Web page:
5. ^ Depository, Book. "Queen & Country Volume 5: Operation: Stormfront : Greg Rucka : 9781929998845". www.bookdepository.com. Retrieved 2017-11-27.
  6. ^ "About". Carla Speed McNeil. Retrieved 2017-03-11.
  7. ^ "The Merchant of Death Graphic Novel". D.J. MacHale Books. Retrieved 2017-03-11.
  8. ^ "Alex de Campi And Carla Speed McNeil Talk 'My Little Pony' [Interview]". ComicsAlliance. Retrieved 2017-11-27.
  9. ^ "Dynamite® Legends Of Red Sonja #1 (Of 5)". dynamite.com. Retrieved 2017-03-11.
  10. ^ "About". Carla Speed McNeil. Retrieved 2017-03-11.
  11. ^ "No Mercy, Vol. 3 Tp | Releases | Image Comics". imagecomics.com. Retrieved 2017-03-11.
  12. ^ "No Mercy #1 | Releases | Image Comics". imagecomics.com. Retrieved 2017-03-11.
  13. ^ Dignifying Science: Stories About Women Scientists - Comics by comiXology.
  14. ^ "SHE'S YOUR COMICS: Tori Amos' "Comic Book Tattoo"". CBR. 2008-04-03. Retrieved 2017-11-27.
  15. ^ Smut Peddler - Comics by comiXology.
  16. ^ "The Top Five Kickstarter Comics Of 2014". ComicsAlliance. Retrieved 2017-11-20.
  17. ^ Cautionary Fables and Fairy Tales Vol. 2: Africa Edition - Comics by comiXology.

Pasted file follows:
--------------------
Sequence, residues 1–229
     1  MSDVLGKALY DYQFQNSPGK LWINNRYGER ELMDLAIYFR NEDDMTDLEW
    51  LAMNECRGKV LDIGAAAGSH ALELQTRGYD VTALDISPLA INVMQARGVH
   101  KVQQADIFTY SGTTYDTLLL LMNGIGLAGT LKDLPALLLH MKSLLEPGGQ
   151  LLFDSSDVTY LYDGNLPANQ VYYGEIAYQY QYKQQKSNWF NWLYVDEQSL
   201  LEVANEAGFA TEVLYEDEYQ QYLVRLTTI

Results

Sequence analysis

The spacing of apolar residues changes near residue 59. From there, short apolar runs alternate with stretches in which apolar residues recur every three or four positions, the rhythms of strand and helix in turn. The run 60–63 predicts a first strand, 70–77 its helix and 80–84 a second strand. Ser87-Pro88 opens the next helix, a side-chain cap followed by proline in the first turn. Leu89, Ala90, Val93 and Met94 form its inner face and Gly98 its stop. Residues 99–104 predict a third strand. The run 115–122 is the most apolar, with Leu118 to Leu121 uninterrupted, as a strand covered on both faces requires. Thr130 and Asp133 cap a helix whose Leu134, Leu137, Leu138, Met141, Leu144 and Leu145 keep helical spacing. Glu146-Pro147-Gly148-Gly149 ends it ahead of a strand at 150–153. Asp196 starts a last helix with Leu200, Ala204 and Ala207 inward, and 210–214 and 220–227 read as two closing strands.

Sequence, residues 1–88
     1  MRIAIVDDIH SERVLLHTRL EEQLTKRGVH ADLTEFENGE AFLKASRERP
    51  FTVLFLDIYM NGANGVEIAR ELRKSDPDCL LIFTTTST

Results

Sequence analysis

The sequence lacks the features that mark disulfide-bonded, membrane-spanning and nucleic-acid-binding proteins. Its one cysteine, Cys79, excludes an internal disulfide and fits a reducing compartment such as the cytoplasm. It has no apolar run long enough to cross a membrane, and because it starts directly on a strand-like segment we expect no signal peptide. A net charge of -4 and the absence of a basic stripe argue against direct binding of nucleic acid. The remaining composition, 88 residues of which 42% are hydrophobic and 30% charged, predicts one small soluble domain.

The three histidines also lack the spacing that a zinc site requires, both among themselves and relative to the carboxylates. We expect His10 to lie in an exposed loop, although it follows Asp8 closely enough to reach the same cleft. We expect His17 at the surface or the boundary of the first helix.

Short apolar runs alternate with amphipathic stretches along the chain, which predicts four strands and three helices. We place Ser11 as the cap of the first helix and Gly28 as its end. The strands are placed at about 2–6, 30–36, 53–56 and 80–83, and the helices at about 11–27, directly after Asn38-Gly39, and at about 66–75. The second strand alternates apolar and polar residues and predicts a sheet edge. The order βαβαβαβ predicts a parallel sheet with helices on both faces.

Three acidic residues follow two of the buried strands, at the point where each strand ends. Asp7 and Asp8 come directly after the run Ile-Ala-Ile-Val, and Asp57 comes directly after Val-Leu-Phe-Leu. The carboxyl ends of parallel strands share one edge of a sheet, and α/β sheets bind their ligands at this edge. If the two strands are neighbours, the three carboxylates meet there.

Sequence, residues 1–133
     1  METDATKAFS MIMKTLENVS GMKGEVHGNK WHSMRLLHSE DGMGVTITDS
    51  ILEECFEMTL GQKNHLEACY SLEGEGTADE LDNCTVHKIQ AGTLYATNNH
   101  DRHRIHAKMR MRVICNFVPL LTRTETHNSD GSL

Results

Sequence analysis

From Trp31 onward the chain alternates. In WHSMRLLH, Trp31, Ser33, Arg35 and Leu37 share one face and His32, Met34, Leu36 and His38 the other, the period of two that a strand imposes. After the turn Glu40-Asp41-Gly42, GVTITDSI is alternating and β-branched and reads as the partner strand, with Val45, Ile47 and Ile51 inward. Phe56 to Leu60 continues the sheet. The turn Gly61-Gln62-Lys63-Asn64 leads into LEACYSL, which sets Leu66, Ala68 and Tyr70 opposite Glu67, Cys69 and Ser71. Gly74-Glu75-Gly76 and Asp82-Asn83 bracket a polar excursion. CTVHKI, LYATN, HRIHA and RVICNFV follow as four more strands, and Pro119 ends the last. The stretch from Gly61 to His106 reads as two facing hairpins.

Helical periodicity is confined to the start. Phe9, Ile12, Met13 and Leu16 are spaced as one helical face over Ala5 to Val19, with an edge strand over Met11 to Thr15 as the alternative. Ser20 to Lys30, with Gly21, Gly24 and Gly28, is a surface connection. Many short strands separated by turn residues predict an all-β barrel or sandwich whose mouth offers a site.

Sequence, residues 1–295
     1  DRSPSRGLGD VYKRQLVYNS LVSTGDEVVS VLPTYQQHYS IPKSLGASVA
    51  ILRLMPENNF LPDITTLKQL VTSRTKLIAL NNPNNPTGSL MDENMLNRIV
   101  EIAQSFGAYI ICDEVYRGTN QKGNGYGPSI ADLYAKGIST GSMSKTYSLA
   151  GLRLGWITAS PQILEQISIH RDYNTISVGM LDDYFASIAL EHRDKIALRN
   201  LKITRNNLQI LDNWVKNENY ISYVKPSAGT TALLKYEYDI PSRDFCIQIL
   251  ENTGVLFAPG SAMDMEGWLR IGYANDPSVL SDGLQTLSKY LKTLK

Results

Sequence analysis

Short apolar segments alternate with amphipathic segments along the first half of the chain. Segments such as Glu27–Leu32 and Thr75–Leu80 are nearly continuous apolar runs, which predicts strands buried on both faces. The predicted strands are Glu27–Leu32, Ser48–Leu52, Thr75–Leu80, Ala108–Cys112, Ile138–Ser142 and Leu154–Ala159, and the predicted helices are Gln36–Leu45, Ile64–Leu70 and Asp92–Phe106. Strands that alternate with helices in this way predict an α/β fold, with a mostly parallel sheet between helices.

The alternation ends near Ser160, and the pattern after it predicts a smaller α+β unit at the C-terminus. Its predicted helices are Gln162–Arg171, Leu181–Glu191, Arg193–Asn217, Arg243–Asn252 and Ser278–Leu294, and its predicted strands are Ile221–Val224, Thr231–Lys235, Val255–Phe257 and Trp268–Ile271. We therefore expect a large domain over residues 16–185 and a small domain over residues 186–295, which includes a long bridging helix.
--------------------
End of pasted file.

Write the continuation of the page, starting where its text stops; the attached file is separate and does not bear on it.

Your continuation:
18. ^ "SENSATION COMICS FEATURING WONDER WOMAN #15". DC. 2015-07-14. Retrieved 2017-11-27.
  19. ^ "Blog". Carla Speed McNeil. Retrieved 2017-11-21.
  20. ^ "Friends of Lulu 1998 Lulu Awards". www.hahnlibrary.net. Retrieved 2017-03-11.
  21. ^ "1998 Ignatz Award Recipients | SPX: The Small Press Expo". 2016-03-14. Archived from the original on 2016-03-14. Retrieved 2017-03-11.CS1 maint: BOT: original-url status unknown (link)
  22. ^ "Friends of Lulu 2001 Lulu Awards". www.hahnlibrary.net. Retrieved 2017-03-11.
  23. ^ "Friends of Lulu announces award nominees". CBR. 2002-07-12. Retrieved 2017-03-11.
  24. ^ "2001 Ignatz Awards Cancelled | SPX: The Small Press Expo". 2016-03-05. Archived from the original on 2016-03-05. Retrieved 2017-03-11.CS1 maint: BOT: original-url status unknown (link)
  25. ^ "2004 Ignatz Award Recipients | SPX: The Small Press Expo". 2017-01-06. Archived from the original on 2017-01-06. Retrieved 2017-03-11.CS1 maint: BOT: original-url status unknown (link)
  26. ^ "2005 Ignatz Award Recipients | SPX: The Small Press Expo". 2016-03-18. Archived from the original on 2016-03-18. Retrieved 2017-03-11.CS1 maint: BOT: original-url status unknown (link)
  27. ^ 2002 Will Eisner Comic Industry Awards, the Comic Book Awards Almanac
  28. ^ 2003 Will Eisner Comic Industry Awards, the Comic Book Awards Almanac
  29. ^ "The 2009 Eisner Award Winners Announced at Comic-Con". Comics Alliance. Retrieved 2017-03-11.
  30. ^ "Book Prizes – Los Angeles Times Festival of Books» 2011 Los Angeles Times Book Prizes Winners & Finalists". events.latimes.com. Archived from the original on 2016-04-16. Retrieved 2017-03-11.
  31. ^ "Archived copy". Archived from the original on 2016-08-01. Retrieved 2016-02-10.CS1 maint: archived copy as title (link)
  32. ^ "Let's Get Graphic: 100 Favorite Comics And Graphic Novels". NPR.org. Retrieved 2017-11-16.

External linksEdit